My colleagues at Rivendell Academy know some incredible people. One such person, Emily Dakin, was a guest speaker for my Global Studies and Holocaust & Human Behavior courses today. Emily came to us via my colleague Jenny Ellis. Jenny and Emily go way back and the other day, Jenny informed me that Emily was back in the US for the holidays and would I like her to come in and speak?
Emily had just arrived back in Vermont from two years as the Senior Humanitarian Advisor at USAID – Office of U.S. Foreign Disaster Assistance in Juba, South Sudan. Yes, South Sudan. South Sudan is the world’s newest country established in 2011 after a civil war with northern Sudan. Since late 2013, South Sudan has been embroiled in a civil war between the two major ethnic groups. As a result of this conflict, 3 million South Sudanese civilians, predominantly women and children, have been displaced from their homes and villages. Over 1 million have fled to the bordering countries of Kenya, Uganda, and Sudan. Two million displaced people remain in dire need of food, water, sanitation, and health care. Emily’s job was to advise the US Ambassador to South Sudan on the situation of displaced people and coordinate aid efforts between the US and various NGOs. This is difficult work as the country’s infrastructure makes it very challenging to get aid convoys where they need to be in a timely manner. In addition, traveling through certain parts of the country requires careful negotiation among warring factions. In spite of these and myriad other challenges, Emily is proud of the work she and the United States has done to mitigate food insecurity and provide much needed healthcare and sanitation for the displaced civilians of South Sudan.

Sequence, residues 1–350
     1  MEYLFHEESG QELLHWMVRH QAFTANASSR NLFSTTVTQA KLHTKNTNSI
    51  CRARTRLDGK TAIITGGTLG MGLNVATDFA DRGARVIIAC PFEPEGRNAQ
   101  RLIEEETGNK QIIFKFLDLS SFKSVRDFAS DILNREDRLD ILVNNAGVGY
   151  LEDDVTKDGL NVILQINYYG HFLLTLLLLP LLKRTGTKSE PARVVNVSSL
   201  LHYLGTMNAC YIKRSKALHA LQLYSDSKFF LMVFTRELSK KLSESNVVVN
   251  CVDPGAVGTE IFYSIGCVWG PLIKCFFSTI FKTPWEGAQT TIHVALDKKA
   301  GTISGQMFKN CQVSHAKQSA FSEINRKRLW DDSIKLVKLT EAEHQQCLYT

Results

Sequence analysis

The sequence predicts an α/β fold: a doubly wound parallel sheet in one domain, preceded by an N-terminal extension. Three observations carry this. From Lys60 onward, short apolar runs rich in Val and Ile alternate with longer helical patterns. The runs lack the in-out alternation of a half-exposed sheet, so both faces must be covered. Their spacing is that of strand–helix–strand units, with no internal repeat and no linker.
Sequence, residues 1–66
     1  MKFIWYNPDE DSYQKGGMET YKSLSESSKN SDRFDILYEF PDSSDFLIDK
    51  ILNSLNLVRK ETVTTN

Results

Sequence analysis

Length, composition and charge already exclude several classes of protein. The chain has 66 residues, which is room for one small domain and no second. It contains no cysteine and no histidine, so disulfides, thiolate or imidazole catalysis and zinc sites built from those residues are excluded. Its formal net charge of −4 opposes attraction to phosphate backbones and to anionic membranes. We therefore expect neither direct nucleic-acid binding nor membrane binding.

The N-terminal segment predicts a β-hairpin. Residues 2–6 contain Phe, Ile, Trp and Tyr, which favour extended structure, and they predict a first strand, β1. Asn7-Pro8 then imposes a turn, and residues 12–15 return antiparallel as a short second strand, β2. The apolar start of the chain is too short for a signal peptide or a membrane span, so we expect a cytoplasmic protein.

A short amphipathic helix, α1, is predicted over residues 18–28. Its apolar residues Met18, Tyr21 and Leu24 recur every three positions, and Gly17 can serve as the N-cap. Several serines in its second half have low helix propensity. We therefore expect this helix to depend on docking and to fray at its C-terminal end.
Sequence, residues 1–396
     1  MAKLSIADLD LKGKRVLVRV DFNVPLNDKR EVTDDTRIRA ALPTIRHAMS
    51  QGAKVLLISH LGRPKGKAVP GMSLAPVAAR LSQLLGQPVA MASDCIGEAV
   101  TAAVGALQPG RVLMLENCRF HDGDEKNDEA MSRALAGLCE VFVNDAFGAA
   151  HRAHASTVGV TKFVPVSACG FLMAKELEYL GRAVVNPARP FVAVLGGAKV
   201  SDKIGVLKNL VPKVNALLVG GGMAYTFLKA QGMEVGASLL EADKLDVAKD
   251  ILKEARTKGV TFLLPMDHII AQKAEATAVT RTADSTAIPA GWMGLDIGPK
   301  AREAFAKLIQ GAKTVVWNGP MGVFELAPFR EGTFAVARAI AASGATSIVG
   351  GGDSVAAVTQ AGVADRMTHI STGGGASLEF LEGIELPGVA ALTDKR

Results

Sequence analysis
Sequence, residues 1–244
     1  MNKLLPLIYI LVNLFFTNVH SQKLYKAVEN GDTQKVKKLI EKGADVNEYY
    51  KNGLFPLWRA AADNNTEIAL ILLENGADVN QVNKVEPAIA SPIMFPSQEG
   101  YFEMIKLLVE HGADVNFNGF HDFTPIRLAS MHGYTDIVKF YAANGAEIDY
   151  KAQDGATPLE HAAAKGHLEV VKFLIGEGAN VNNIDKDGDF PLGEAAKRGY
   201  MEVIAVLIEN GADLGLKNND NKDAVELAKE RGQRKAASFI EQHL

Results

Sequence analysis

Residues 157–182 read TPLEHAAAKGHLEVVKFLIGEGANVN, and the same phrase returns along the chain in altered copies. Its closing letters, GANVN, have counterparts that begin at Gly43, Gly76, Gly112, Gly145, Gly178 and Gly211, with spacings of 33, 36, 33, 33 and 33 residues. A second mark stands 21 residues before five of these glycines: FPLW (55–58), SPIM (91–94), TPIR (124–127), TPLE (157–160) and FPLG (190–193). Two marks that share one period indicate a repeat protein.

After her holiday break in Vermont, Emily is headed to Baghdad, Iraq where she will continue her job as Senior Humanitarian Advisor. There she will advise the US Ambassador to Iraq and work to continue coordinating humanitarian aid for displaced Iraqis. It was great for our rural New Hampshire and Vermont students to hear from someone who grew up in a small, rural town and how she is making a humanitarian difference on a global scale while representing the United States.
According to their website, USAID is the lead U.S. Government agency that works to end extreme global poverty and enable resilient, democratic societies to realize their potential. “We partner to end extreme poverty and promote resilient, democratic societies while advancing our security and prosperity.” They are the agency that provides and coordinates civilian foreign aid in conjunction with the President, the Secretary of State, and the National Security Council. US United Nations Ambassador Samantha Power release the following statement about Emily on #worldhumanitarianday, “Emily Dakin, has demonstrated extraordinary leadership steering USAID’s response efforts in South Sudan, where the obstruction of humanitarian work and attacks on humanitarian workers have been frequent and ruthless. Fifty-seven humanitarians have been killed since the conflict erupted in December 2013. These are men and women just trying to deliver assistance to 6.1 million people in need and to prevent the deaths of some 250,000 severely malnourished children. The crescendo of violence visited on aid workers and other civilians on July 11 at the Terrain Compound and across Juba has horrified and sickened the world. Even as the local political leaders abdicate their responsibilities to their own people, we are steadfast in our resolve to pursue accountability for those who attack aid workers and relief for the suffering of the South Sudanese people.”